In Wednesday’s veggie box we got a giant red kabocha squash. I was thinking of making it into a Thai-style soup with coconut milk and lemongrass, red chili and Thai basil. I asked Mom if she wanted chunky soup — i.e with vegetables floating in it — or a puree.

“Make the smooth soup,” she said. “We haven’t had it for a long time.”

I realized she was thinking of the butternut squash soup I make. I checked.

“You mean you just want me to make it with milk and ginger the usual way?”

She did. There went my exotic soup plans.

I had roasted the kabocha whole the previous night, acting on a tip from the farm newsletter that recommended roasting the whole squash and then cutting it open and scooping out the seeds and strings. I scooped the seeds and strings into a  pot, along with the roasted skins, setting the squash flesh aside, covered the squash innards and skin with water and set them to simmering while I peeled and diced two onions and took our ginger root out of the freezer.

After I strained the squash stock into a bowl, I got out my microplane to grate the ginger.The microplane is a handy tool you will find at any hardware store — I find mine indispensable for grating Parmesan and ginger and zesting citrus.

Using a stock pot, I heated a little olive oil and butter over low heat. In that I sauteed my onions, grating the ginger directly over the pot, and adding some crumbled thyme leaves.. Next up, squash stock and squash: into the stock pot they go. Cook for awhile and and add a sploosh of tamari (wheat-free soy sauce).

When the squash is soft I puree the hot soup in a blender in two or three batches,, pouring it back into the stockpot as I go. I add milk to taste or until I like the consistency, somewhere between a cup and a quart, depending on how large the squash was. I usually use one-percent milk, but you can use anything up to and including whipping cream, depending on your proclivities. Just don’t use skim milk if you are going to say it is my recipe. Or dried milk.

Roasted Red Kambocha Soup (or Butternut Squash Soup)

Roast 1 large whole red kambocha squash in a 350 oven until it is fully soft. (You can do this a day or two ahead like I did)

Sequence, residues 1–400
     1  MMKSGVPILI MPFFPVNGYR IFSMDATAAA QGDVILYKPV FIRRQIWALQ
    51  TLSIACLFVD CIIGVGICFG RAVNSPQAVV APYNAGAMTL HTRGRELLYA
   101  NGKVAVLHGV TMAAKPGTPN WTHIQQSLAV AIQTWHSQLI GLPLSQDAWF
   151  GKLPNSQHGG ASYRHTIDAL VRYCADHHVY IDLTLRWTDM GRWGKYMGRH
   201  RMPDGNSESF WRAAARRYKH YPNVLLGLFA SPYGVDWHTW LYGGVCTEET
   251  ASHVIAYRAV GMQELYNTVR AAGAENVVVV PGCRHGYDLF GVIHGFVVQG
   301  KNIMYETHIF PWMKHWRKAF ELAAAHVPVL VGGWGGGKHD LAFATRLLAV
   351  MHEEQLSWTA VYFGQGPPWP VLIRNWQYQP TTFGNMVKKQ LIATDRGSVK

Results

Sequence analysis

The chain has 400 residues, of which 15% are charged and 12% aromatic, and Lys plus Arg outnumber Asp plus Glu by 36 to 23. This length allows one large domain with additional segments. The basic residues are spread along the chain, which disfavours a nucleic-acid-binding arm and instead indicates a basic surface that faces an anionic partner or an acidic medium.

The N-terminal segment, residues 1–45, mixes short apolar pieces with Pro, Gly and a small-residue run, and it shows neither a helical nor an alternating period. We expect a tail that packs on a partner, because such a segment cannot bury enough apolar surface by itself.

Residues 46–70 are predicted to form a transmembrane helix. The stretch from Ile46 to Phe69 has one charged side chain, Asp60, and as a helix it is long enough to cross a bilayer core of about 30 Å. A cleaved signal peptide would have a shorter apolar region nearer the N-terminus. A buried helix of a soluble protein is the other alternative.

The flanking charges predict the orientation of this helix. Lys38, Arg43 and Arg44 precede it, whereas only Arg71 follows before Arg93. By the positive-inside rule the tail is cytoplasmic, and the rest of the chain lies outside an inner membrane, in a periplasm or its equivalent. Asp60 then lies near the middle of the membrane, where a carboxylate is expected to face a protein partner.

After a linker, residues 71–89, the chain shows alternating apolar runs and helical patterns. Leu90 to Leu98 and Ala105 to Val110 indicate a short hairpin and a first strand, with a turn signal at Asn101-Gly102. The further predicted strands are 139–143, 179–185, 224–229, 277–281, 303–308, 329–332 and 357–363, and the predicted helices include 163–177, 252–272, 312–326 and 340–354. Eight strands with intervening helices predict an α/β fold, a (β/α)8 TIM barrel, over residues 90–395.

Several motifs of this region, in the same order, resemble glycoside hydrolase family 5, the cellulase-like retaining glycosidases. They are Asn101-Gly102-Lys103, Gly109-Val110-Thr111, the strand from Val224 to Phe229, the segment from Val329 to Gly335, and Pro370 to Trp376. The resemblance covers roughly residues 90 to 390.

OR cut open 1 large butternut squash lengthwise, scoop strings and seeds into a saucepan, cover with water and cook for stock, and roast squash cut side down in a baking pan. If using butternut, deglaze the baking pan with water and add the results to your saucepan.

Separate your roasted squash flesh from your seeds, strings and skins.

Cover seeds, strings and skins with water and simmer in a saucepan for stock.

Meanwhile, peel and dice 2 medium or 1 large onion.

Heat 2 tsp, olive oil and 2 tsp butter in a stockpot over low heat.

Add onions.

Grate 1 Tbsp fresh ginger over sauteeing onions (easiest with your trusty microplane)

Crumble in dried thyme to taste. (We home-dry ours, letting bundles of fresh dry exposed to the air).

Strain stock through mesh strainer into stockpot. Discard solids.

Add squash flesh to stockpot. Cook for fifteen or twenty minutes until everything is soft

Add tamari to taste. Start with 2 tsp. (This is providing your salty taste — no need for salt).

Puree soup in blender in two or three batches, adding pureed soup back to stockpot.

Add milk to taste or to achieve desired thickness or thinness. If the soup gets thick while sitting, you can add more milk when you heat it.

Food notes: I developed this recipe originally for butternut squash and it makes lovely butternut squash soup. The kabocha soup is similar, but lighter in color. You could make it with any winter squash you like.

Because the ingredients are few, the preparation methods make a difference. Once you roast squash for soup, you will never want to mess with soup recipes calling for raw winter squash again. If you make the stock from skins, seeds and strings, your winter squash soup will have a depth of flavor unachievable if you just pour vegetable stock or chicken stock into it. Please try it once. If it sounds difficult, allow yourself to roast the squash one day, make the stock another day and make the soup a third, but it really doesn’t take long all told. If you are in a hurry, save the squash seeds and skins in the freezer to make stock with next time and use water, milk or some kind of stock — just know it won’t be as good.  I often mix up yeast bread dough while the squash is roasting to take advantage of the warm oven for the rise — there is nothing better than hot soup with homemade bread.

I have used evaporated milk, low-fat milk, whole milk and half and half in this soup at different times. If you use richer milk, it is richer. We find one-percent milk fine for everyday soup. If we were inviting celebrities to dinner, we might add a little half and half.

Tamari is less salty than regular soy sauce. I like the flavor better. If I had been making Thai style soup I would have used coconut milk for the milk and fish sauce for the tamari.

Obviously, you can make large or small batches of this soup, according to how much squash you start with: if you use a small squash, it will not yield as much flesh or stock and you can use less milk and one small onion. Use more squash, get more soup. You’ll have to taste it to know how much milk you like.

After I originally posted this I ran across the “No Croutons Required” October soup event, which requires bloggers to submit their delicious squash soups to Jacqueline of Tinned Tomatoes, http://www.tinnedtomatoes.com/2011/10/no-croutons-required-october-2011.html I am excited to submit this variation on one of my favorite soups to this long-running event.

* My little joke: I keep confusing “kabocha” and “kambocha.” The one with the “m” might be deadly in soup.

Painting note: For further information about “Red Kabocha Soup” or any other painting, please contact me here.